Getting Out the Vote in Local Elections: Results from Six Door-to-Door Canvassing Experiments
Donald P. Green
Columbia University - Department of Political Science
Yale University - Department of Political Science
University of Notre Dame
December 22, 2008
The Journal of Politics, Vol. 65, No. 4, pp. 1083-1096, 2003
Prior to the November 6, 2001 elections, randomized voter mobilization experiments were conducted in Bridgeport, Columbus, Detroit, Minneapolis, Raleigh, and St. Paul. Names appearing on official lists of registered voters were randomly assigned to treatment and control groups. A few days before Election Day, the treatment group received a face-to-face contact from a coalition of nonpartisan student and community organizations, encouraging them to vote. After the election, voter turnout records were used to compare turnout rates among people assigned to treatment and control groups. Consistent with the recent experimental results reported by Gerber and Green (2000b), the findings here indicate that face-to-face voter mobilization was effective in stimulating voter turnout across a wide spectrum of local elections.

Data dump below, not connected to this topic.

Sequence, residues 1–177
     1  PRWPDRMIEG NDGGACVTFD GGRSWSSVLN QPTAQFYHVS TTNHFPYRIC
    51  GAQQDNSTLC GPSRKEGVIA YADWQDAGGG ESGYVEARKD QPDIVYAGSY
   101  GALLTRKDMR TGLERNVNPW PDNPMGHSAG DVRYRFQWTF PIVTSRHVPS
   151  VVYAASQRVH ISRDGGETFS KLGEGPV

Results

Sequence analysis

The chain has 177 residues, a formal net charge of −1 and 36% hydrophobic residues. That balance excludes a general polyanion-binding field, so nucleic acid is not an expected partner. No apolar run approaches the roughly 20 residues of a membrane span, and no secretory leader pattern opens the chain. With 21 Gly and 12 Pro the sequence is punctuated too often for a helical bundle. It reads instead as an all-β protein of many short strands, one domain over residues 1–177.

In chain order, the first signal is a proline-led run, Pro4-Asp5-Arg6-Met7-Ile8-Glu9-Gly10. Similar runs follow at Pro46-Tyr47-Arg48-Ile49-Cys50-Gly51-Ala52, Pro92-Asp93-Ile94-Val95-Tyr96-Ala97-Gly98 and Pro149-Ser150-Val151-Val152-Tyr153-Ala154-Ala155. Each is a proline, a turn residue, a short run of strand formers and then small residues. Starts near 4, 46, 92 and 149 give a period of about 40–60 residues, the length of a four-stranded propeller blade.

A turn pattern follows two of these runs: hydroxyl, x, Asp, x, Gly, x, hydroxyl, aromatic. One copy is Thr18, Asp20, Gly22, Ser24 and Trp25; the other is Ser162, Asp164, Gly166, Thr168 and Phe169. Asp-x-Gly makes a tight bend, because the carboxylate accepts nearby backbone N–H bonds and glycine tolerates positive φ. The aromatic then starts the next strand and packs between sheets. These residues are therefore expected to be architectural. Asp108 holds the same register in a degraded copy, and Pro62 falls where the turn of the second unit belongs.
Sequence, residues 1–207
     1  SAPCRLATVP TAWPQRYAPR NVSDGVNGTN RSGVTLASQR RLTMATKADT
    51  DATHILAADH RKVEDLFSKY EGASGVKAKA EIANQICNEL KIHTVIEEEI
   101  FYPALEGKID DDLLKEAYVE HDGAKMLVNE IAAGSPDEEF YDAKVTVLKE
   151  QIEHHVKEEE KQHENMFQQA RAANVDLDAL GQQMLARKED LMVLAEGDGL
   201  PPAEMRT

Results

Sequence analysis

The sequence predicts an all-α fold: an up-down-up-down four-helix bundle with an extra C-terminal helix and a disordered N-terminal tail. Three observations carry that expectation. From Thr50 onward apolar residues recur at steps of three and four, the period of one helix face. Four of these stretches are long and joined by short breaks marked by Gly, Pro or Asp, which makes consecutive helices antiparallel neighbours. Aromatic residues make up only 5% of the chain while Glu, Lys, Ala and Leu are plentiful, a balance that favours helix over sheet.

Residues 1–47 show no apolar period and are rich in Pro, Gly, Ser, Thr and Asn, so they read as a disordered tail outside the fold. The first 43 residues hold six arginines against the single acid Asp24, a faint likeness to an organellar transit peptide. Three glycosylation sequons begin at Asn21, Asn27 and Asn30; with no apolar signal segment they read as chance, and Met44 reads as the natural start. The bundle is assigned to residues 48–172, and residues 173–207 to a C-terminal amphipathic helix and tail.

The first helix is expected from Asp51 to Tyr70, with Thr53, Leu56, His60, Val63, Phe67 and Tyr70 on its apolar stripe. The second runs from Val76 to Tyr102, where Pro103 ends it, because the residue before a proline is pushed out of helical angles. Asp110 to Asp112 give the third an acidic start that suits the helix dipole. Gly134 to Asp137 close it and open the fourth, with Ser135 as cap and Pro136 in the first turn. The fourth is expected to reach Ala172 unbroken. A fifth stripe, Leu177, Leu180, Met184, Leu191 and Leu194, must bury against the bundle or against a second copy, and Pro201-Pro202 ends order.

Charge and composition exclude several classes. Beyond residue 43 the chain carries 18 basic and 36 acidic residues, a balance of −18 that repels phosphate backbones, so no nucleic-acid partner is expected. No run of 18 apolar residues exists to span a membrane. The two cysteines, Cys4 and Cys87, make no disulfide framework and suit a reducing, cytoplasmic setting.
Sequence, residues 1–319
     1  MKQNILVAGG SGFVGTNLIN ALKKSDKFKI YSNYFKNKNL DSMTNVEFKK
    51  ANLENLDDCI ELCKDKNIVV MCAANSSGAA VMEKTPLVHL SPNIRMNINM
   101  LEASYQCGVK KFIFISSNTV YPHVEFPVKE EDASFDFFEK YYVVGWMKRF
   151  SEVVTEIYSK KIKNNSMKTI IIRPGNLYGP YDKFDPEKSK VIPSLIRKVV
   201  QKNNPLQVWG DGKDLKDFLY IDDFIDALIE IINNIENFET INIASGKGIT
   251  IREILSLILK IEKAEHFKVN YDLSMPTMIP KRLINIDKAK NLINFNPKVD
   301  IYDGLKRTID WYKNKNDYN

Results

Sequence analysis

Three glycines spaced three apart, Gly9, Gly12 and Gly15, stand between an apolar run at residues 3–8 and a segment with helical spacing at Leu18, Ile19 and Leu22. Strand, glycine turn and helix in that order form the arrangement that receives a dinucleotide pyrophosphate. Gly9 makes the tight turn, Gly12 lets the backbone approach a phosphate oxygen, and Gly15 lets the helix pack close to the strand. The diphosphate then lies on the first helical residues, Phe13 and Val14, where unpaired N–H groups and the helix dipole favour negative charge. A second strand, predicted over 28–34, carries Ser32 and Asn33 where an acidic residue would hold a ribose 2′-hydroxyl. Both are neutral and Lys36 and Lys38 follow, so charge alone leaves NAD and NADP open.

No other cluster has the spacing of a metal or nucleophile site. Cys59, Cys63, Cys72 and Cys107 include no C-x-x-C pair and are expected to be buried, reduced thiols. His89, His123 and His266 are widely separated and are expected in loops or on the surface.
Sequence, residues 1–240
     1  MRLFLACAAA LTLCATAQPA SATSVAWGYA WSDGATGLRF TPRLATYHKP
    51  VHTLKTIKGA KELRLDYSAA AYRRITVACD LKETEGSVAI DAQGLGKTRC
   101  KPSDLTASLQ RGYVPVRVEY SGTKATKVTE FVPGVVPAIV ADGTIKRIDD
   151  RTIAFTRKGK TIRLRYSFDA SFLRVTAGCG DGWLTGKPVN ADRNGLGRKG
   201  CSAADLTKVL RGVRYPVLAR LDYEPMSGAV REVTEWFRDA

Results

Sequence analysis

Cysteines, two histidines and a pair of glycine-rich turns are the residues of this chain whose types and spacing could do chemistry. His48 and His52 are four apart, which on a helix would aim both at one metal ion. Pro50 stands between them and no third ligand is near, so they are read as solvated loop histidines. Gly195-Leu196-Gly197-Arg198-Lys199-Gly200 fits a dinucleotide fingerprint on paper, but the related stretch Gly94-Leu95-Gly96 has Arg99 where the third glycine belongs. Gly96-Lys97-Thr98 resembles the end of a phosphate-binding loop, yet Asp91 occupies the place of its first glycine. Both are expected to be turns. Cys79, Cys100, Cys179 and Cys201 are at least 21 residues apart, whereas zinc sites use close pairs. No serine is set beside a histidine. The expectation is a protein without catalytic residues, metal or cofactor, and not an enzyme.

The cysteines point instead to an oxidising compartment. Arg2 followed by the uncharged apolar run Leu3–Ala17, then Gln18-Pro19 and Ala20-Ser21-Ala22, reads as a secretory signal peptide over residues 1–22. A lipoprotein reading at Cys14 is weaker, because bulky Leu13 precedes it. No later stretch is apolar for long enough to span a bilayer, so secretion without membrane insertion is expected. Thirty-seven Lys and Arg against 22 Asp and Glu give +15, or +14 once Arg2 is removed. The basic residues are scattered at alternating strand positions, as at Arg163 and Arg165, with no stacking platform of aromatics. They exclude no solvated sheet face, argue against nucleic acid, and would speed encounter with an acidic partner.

Keywords: GOTV, field experiment, randomization, voter turnout, voter mobilization, local elections
JEL Classification: C93Accepted Paper Series
Date posted: December 22, 2008
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